ben996
06-15-2004, 01:18 AM
quote
--------------------------------------------
There's no change in the ICD model for win64, both software rendering and hardware ICDs are supported. The headers and .lib files should come with the Windows SDK or with your compiler of choice; the opengl32 .dlls, as always, come with the OS and ICDs should come from your graphics card vendor.

In Win64 OpenGL can work under the wow64 compatibility layer (for 32-bit applications), or in native 64-bit (for native 64-bit apps).
In any case, for hw accelerated OpenGL you are going to need a 64-bit display driver from your graphics card manufacturer (all kernel drivers are 64-bit in Win64) and a 32-bit and a 64-bit ICDs.
Software rendering for 32-bit and 64-bit apps should work straight out-of-the-box.
--------------------------------------------
what is ICDs?
what is hw accelerated ?

zeckensack
06-15-2004, 05:35 AM
ICD = installable client driver. The OpenGL implementation proper, which you get from your graphics chip vendor.

hardware accelerated = faster than a software emulation of OpenGL ;)
OpenGL is implemented on top of a hardware device and uses its capabilities to accelerate rendering.

juan
06-16-2004, 11:15 PM
Hi,

Can anybody tell me this

I have been reading that there should be 2 ICD drivers in a x64 graphics driver.

i have a nVidia graphics adapter and a ATI graphics adapter

When i use the ATI graphics adapter on XP64 Build 1184 i have 2 ICD drivers 8.01
1.\Windows\System32\atio6axx.dll 64-Bit GL
2.\Windows\SysWow64\atioglxx.dll 32-Bit GL

When i use the nVdia graphics adapter on XP64 Build 1184 i have only 1 ICD driver 57.30
1.\Windows\System32\nvoglnt.dll 64-Bit GL

But when i run e.g. Quake3(32-Bit GL) the game works, how does the nVidia driver do that? When there is no 32-Bit GL driver in \Windows\SysWow64???

Also when i extract the file nVidia 57.30 package i only see 1 GL driver file.
While i do see 2 GL driver files when extracting the ATI 8.01 package

zeckensack
06-17-2004, 02:06 AM
WoW stands for "windows on windows" and is a more or less universal translation layer, so that 32 bit applications can use 64 bit DLLs.

The NVIDIA GL driver looks like it's purely 64 bit. If a 32 bit application attempts to load this driver (in this case by creating a GL context), communication between the application and the driver will be funneled through a translation layer. This is automatic.

The ATI GL driver appears to have native support for 32 bit apps and 64 bit apps (hence the two DLLs). No translation is necessary between applications and ICDs (the 32 bit ICDs may still need to go through a translation to access the actual hardware layer).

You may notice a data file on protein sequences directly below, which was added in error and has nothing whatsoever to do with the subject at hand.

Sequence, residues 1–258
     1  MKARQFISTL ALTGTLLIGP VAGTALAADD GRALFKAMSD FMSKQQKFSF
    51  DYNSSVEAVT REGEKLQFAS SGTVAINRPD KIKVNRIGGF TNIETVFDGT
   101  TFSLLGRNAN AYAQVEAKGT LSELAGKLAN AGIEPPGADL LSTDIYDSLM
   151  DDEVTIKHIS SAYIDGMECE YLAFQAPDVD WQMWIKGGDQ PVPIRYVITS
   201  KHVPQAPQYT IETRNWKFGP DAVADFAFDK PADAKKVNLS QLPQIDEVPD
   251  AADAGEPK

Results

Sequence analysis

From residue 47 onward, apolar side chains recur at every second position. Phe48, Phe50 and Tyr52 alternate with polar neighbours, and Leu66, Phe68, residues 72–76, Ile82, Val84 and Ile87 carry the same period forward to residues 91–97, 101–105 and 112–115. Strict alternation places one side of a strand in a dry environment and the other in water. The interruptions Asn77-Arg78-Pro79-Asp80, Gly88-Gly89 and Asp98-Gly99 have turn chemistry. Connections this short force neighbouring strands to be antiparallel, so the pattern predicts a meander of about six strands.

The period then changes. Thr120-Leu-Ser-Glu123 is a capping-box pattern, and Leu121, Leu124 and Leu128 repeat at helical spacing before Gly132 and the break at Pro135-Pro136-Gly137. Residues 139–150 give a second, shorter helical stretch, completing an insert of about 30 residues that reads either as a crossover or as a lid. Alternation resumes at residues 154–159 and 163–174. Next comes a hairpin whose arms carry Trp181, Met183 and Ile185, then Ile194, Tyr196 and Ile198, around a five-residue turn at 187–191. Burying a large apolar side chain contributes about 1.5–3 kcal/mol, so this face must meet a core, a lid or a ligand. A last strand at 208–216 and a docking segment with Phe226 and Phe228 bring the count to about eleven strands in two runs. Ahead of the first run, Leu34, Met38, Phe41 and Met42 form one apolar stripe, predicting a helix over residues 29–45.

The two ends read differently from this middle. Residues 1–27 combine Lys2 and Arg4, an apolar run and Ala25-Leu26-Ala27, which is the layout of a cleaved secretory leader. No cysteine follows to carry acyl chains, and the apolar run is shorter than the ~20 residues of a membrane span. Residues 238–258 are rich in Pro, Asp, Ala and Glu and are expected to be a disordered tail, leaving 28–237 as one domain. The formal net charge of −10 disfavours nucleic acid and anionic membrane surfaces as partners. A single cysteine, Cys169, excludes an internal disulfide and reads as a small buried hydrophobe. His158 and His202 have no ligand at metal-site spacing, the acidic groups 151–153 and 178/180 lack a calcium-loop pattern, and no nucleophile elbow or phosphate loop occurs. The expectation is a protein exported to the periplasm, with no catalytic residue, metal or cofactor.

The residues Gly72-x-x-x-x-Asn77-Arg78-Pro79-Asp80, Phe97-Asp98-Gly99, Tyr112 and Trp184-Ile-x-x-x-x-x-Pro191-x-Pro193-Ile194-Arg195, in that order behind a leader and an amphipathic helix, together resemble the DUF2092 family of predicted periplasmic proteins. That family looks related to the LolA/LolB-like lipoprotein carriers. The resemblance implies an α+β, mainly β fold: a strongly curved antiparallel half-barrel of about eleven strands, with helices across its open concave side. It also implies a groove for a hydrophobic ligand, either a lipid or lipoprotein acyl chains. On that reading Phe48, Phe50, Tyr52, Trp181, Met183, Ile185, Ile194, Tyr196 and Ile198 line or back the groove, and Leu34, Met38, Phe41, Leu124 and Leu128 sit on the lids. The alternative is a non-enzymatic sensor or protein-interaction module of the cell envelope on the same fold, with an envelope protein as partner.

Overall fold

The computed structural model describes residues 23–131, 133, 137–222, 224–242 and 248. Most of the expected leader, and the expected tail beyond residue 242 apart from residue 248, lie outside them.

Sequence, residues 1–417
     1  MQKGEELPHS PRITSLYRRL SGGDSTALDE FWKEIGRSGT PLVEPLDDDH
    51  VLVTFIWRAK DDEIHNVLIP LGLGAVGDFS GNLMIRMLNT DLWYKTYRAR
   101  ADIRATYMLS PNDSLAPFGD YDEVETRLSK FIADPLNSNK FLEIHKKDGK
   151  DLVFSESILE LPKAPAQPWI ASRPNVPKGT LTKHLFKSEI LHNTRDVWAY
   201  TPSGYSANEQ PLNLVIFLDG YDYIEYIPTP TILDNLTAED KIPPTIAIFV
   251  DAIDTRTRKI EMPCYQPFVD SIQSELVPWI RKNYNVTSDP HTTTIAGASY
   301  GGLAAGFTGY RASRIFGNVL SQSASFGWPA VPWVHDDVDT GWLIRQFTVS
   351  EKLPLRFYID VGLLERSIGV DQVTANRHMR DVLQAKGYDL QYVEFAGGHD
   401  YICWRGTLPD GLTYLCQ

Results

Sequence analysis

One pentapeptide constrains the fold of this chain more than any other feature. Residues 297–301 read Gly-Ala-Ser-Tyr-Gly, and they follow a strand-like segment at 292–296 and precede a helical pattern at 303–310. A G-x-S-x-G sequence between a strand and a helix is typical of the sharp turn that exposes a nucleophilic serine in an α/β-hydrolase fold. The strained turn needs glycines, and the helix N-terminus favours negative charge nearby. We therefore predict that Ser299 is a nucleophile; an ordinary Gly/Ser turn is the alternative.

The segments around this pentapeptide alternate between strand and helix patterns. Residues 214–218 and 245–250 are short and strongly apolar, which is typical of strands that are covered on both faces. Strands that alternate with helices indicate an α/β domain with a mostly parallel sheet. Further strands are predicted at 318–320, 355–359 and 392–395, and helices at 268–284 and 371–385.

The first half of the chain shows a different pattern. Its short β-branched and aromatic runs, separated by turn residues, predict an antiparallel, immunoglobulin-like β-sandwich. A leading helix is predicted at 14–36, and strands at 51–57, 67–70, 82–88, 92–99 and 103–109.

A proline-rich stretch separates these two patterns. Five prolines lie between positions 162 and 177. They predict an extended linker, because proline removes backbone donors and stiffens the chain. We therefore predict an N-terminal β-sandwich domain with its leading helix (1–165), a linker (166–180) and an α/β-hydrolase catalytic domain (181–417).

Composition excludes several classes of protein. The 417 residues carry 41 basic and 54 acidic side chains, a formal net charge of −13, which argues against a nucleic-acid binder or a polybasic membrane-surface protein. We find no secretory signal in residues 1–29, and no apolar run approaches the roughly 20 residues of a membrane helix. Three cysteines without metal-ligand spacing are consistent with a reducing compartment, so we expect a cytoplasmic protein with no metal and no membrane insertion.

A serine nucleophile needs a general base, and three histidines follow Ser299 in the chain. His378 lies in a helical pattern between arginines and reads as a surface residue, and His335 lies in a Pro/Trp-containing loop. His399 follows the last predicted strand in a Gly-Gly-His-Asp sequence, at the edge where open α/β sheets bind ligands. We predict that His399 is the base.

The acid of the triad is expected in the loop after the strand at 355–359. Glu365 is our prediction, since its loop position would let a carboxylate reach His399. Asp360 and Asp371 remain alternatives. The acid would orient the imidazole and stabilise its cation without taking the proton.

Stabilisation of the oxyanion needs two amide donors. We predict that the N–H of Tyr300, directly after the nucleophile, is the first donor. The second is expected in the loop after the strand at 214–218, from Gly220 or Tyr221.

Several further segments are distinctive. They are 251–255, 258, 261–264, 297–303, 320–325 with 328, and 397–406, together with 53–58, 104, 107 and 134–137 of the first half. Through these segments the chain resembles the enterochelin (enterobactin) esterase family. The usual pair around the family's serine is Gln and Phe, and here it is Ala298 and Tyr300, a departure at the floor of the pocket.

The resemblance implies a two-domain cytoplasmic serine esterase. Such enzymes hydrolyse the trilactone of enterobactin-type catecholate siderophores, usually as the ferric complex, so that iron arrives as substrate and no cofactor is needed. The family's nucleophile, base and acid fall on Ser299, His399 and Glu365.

In theory, ATI's model should be a bit more efficient for 32 bit applications, because there's less overhead per function call. Maybe you can do a few tests, since you have both? I'd find this very interesting :)

evanGLizr
06-17-2004, 10:15 AM
Originally posted by zeckensack:
WoW stands for "windows on windows" and is a more or less universal translation layer, so that 32 bit applications can use 64 bit DLLs.

Just a note on that, WoW only works for "selected" system dlls, not for any DLL. WoW doesn't know how to do the marshalling/parameter realignment for any DLL, only for those it has been designed to support.




The NVIDIA GL driver looks like it's purely 64 bit. If a 32 bit application attempts to load this driver (in this case by creating a GL context), communication between the application and the driver will be funneled through a translation layer. This is automatic.

Nope, that cannot be. A 32-bit OpenGL program will use the 32-bit opengl32.dll, which will only load 32-bit ICDs, using the 32-bit registry (the ICD loading mechanism fetches some registry values to get the ICD name and other tidbits).

Also, 32-bit apps cannot use 64-bit DLLs (unless for those supported by WoW, and opengl32.dll is not one of those). This also means that 32-bit apps cannot use 64-bit inprocess COM objects, for example.

My guess is that the reason why Quake3 works is because it's using Microsoft\'s DX layer (http://www.delphi3d.net/hardware/viewreport.php?report=243) which, as strange as it is, would mean that NVIDIA doesn't accelerate 32-bit apps in Win64 :?
This is as easy to test as is looking at what renderer is Quake3 using when run on an NVIDIA card on Win64.

Kernel-space drivers are always 64-bit in Win64 (note that an ICD is not a kernel-space driver).

zeckensack
06-17-2004, 01:15 PM
Thanks, evanGLizr. Always nice to learn something :)